More important is the question of what Union does or plans to do about speech that does not fit the respectful debate ideal. If it permits alternative speech, like one-sided editorials or speeches, non-respectful assertions, and yes, even "yelling a view," then President Harris's personal opposition to those forms it is mildly interesting but ultimately irrelevant. If Union prohibits those alternative forms of speech, then it is unreasonably restrictive. President Harris does not tell us which path Union takes. No student interested in real education should enroll in an institution that permits only respectful debate and forbids everything else.
President Harris's distinction between "public spaces" where he supports free speech and "campuses" where he does not is also misleading. Public college and university campuses are clearly "public spaces," as shown by the many court decisions striking down rules that try to limit free speech to tiny areas. Private schools like Union should strive to be equally open to speech in all its forms. By all means, encourage debate but don't ban or punish those who express themselves in other ways.
Others had issues with Harris' perspectives as well:
- "That has to be the most bizarre definition of free speech ever uttered. It is a simply a crazy straw man argument."
- "Civil rights laws apply to private institutions as well as public institutions (though in different ways). The good president doesn't seem to know that, or has forgotten."
- "To be so ignorant on the meaning of 'free speech' and reduce it to something akin to a shouting match between viewpoints is shocking."
- "Would the Union College president feel the same way if he were not allowed to read this essay on a college campus because its sentiments were opposed by a small number of students?"
- "Union '68. I've given to the annual fund all but three years since graduation. My father went to Union and he and my mother established a scholarship fund (to which I have also given). Union has seen the last of my dollars and support both annually and in my will."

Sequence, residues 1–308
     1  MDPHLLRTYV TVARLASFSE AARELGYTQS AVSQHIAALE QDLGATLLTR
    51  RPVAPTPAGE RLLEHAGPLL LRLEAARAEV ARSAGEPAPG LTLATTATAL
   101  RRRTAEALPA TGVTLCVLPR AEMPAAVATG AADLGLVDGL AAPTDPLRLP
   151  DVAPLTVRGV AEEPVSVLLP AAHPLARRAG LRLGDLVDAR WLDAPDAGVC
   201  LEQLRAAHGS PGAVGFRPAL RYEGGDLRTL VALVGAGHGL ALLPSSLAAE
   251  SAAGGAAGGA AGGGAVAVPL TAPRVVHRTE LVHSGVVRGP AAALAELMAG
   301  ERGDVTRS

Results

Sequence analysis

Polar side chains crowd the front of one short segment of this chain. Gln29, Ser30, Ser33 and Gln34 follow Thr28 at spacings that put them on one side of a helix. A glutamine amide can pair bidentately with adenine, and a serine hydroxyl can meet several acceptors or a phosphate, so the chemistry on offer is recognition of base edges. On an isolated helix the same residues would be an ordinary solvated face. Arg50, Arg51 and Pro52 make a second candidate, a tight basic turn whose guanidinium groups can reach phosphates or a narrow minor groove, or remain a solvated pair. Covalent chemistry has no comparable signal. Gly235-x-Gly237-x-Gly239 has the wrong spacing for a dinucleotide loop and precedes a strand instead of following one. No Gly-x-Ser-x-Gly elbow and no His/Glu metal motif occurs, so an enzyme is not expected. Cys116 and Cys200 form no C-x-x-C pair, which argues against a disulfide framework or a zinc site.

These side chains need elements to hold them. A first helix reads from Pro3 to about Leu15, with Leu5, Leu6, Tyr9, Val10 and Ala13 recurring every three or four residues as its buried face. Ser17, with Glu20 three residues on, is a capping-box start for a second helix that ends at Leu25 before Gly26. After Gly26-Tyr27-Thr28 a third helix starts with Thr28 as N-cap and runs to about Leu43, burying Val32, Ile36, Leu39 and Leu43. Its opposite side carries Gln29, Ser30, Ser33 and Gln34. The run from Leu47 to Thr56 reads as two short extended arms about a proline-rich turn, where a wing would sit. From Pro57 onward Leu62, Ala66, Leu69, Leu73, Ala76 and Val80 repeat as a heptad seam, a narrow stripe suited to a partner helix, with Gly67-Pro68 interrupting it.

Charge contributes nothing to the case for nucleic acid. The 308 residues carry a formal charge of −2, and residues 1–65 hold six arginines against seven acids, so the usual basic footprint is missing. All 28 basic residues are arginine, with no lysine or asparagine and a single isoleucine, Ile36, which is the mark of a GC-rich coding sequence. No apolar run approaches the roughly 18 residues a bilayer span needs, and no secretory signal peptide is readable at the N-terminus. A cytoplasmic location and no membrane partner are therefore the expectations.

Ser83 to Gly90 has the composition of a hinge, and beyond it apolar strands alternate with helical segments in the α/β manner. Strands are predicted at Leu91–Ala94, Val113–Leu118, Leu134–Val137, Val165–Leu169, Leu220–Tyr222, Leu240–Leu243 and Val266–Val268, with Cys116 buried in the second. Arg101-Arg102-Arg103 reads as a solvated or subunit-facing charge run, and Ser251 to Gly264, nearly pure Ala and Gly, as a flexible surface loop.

Believe it or not, Harris responded to the "Union '68" commenter, saying: "In the spirit of constructive engagement, I'd welcome the opportunity to discuss why you are upset, and perhaps find common ground. Please email me at firstname.lastname@example.org. Thanks."
Another commenter offered the following view supporting Harris:
I think we are talking here about college administrations allowing the "hecklers" veto' to silence legitimate debate. There are too many examples to ignore of politically motivated harassment and intimidation directed towards holders of mainstream opinions while on campuses. Perhaps Dr. Harris is not familiar with some recent surveys showing troubling trends. One such survey is from Brookings from September 2017. Sixty percent of students don't know if the First Amendment protects 'hate speech' (apparently 100% think there is such a thing); 51% think it is acceptable to disrupt or shout down a speaker so that listeners cannot hear; 19% think it is acceptable to use violence to achieve silencing. This debate is not about "yelling at each other" vs. Dr. Harris' reasoned debate. It's about whether administrations will allow some students or faculty to suppress others' speech or stand up for one of our civilization's core values.
But Will Creeley, senior vice president of Foundation for Individual Rights in Education, told Campus Reform that "Harris' provocative framing makes for a click-friendly headline, and his piece probably did pretty well on social media" but it "relies on a cramped caricature of 'free speech' — people yelling at each other and then walking away."
Creeley added to the outlet that "in reality, the 'constructive engagement' that Harris prizes is most possible when expressive rights enjoy robust protection, and requiring all campus discussions to meet Harris' conception of classroom standards would shortchange students' ability to learn from each other in a wide variety of ways."
Here's a clip of Harris introducing himself prior to his Union College inauguration last year: